The term ‘Material Art’ prompts further questions. What qualifies as unconventional material? Why is it culturally specific to China, and to which artists does the term apply? How are the parameters of Material Art defined? In spite of the fact that Wu is careful not to define a coordinated artistic movement, he nevertheless seems to treat Material art as one, located in time and place (post-1980s China), with identifiable artists and characteristics and a unified approach. In her catalogue essay, Cacchione explains that that the emphasis is not necessarily on the materials themselves, but rather, on the new relationships between artwork, artist and viewer activated by those materials. Material Art, she writes, is characterised by its ability to index the body, rupture the distinction between work of art and the commodity, and spark a direct response in the viewer. Cacchione also narrows the timeframe of Material Art to post-Mao China to examine how it influenced the artistic landscape. According to her, ‘the use of these new materials characterizes a break with past art practices and styles in China, and can be used to identify the emergence of the ’85 New Wave Movement and contemporary art in China’ (p.44).
However, for those visitors who have not read the catalogue, the exhibition reads as a presentation of a cohesive movement under the vague theme of material. Almost all of the heavy hitters in the world of contemporary Chinese art, from Ai Weiwei FIG. 4 to Lin Tianmiao FIG. 5, are represented here, but without the acknowledgment that these artists are often working across different generations, continents, politics, practices and themes. Without this crucial information about the specific contexts that led these artists to investigate certain materials, the exhibition easily slips into flattening the works of these diverse artists into one simplistic narrative.
As difficult as it is to represent the nuance in the landscape of Chinese art, it is perhaps even more difficult to convey the complexity of the entirety of China. In some cases, the exhibition would benefit from more information on the traditional forms of Chinese art that are referenced by the contemporary artists, for example, or translations of Chinese characters into English and vice versa. One example is He Xiangyu’s A Barrel of Dregs of Coca-Cola FIG. 6, in which the artist boils the soft drink until it is reduced to nothing more than a pile of ashes. The piece is accompanied by his notes, written in Chinese, referencing ideas of transformation and impermanence from the Buddhist Diamond Sutra. Thus, while some viewers could interpret his act as a nihilistic comment on capitalism, others fluent in Chinese might instead see a reflection on the nature of metamorphosis. Without a translation of the Chinese notes, though, audiences are left with only half of the information for understanding He’s work.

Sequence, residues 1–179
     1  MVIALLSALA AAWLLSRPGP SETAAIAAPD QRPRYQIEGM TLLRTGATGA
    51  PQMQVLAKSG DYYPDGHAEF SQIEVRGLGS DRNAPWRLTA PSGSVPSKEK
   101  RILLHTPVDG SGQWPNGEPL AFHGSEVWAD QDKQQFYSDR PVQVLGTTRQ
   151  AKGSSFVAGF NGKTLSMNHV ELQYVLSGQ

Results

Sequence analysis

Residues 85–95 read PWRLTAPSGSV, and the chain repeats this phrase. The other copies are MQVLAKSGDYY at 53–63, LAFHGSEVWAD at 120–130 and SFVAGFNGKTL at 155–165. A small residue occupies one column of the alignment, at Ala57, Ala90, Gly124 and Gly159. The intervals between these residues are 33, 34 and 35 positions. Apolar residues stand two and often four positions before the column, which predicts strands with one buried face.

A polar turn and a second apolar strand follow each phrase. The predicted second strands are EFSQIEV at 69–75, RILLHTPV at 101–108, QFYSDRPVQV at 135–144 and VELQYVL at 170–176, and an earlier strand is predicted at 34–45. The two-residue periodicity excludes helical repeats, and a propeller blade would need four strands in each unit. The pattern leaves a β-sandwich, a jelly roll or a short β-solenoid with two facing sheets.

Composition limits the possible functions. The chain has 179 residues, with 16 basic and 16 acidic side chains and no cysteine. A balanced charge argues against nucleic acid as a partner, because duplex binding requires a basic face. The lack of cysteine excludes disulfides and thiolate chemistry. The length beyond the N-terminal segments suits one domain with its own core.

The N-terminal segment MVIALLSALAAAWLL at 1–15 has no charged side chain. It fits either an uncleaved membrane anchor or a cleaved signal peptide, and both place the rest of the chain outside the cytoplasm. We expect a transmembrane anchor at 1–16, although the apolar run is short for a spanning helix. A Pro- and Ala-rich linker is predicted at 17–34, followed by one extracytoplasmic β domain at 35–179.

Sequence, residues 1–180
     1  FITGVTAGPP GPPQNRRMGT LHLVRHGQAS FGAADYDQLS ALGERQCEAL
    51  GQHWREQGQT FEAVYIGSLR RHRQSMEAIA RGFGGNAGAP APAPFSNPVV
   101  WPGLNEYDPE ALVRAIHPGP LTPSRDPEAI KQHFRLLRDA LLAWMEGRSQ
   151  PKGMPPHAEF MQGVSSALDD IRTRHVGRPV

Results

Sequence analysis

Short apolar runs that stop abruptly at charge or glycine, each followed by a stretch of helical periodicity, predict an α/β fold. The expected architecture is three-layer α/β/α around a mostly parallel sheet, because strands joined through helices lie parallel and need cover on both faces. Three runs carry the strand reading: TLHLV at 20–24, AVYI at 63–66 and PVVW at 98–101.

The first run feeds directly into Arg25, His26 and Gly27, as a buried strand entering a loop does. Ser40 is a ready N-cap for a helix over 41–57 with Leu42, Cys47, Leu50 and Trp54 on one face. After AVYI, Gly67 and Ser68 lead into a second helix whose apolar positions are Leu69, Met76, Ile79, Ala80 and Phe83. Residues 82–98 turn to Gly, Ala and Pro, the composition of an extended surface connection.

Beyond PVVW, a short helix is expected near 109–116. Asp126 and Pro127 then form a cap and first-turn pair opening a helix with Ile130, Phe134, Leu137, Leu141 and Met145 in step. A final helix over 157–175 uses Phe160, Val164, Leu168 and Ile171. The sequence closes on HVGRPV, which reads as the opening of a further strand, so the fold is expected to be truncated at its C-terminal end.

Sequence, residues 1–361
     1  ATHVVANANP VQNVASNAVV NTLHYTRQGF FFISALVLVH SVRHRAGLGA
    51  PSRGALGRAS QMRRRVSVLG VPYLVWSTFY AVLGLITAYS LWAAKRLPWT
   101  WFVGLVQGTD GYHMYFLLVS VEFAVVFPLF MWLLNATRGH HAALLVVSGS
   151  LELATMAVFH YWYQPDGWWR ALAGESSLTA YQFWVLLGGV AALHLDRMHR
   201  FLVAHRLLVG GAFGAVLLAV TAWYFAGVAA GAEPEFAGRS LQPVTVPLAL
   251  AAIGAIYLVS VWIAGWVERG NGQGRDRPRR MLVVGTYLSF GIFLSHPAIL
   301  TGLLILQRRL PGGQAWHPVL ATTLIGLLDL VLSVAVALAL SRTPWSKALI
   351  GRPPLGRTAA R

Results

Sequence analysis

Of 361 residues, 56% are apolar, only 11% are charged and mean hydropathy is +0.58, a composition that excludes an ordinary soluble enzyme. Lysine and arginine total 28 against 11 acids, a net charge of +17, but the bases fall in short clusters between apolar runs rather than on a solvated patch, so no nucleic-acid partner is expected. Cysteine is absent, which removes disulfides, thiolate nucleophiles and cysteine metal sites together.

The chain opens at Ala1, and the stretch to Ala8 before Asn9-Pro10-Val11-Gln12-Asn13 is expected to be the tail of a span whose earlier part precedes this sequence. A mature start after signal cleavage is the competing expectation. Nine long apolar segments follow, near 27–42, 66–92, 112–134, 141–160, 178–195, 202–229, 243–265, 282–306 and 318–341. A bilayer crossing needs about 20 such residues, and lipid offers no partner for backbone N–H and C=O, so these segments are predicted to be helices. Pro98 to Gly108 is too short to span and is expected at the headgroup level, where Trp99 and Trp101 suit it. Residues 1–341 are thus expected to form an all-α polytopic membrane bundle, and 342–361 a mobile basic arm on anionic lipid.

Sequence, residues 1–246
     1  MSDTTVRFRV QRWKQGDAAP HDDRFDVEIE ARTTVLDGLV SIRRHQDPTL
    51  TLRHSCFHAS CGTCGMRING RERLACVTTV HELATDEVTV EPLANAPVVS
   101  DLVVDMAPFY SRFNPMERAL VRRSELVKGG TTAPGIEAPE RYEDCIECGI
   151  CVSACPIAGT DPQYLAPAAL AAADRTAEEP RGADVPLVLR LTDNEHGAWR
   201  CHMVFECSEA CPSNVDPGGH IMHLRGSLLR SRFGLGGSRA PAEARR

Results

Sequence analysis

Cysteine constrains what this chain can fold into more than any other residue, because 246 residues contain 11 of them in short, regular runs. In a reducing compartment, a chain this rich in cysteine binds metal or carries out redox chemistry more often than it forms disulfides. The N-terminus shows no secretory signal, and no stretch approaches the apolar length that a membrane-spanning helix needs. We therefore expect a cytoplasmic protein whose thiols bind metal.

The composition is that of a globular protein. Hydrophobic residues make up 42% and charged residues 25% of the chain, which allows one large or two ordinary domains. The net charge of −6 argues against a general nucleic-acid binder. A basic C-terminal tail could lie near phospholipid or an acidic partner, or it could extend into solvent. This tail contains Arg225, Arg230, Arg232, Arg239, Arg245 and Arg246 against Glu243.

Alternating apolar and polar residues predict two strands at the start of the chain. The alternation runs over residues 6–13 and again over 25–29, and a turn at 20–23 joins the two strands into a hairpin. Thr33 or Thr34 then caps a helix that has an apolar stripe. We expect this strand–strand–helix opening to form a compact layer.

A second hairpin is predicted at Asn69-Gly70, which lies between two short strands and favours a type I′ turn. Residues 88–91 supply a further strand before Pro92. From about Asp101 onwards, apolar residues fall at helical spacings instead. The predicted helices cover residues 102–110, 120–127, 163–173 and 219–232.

Other works do however present a compelling opportunity for audiences to learn about the realities of China. Yin Xiuzhen’s installation Transformation (1997) features over one hundred roof tiles collected from various demolition sites of traditional siheyuan houses in Beijing, carefully laid out to fill the room FIG. 7. On top of each tile is a photograph of the site from which it was taken, each one showing the particularities of differing courtyards. By offering visitors a direct glimpse into the spaces from which each tile came from, Transformation allows visitors to draw their own insights into the tensions between tradition and modernity within the context of urban development in China.
Moments of cross-cultural insight like this are rare, particularly in a time when China and the United States are often pitted against one another. With a planned partnership with the Yuz Museum Shanghai, the exhibition signals LACMA’s position at the forefront in introducing contemporary Chinese artwork to Los Angeles, which, despite its massive Chinese and Chinese-American population, has seen few comprehensive exhibitions of art from China, or indeed Asia. For now, unusual materials such as hair, gunpowder and Coca-Cola are certain to entice new audiences to enter its discourse.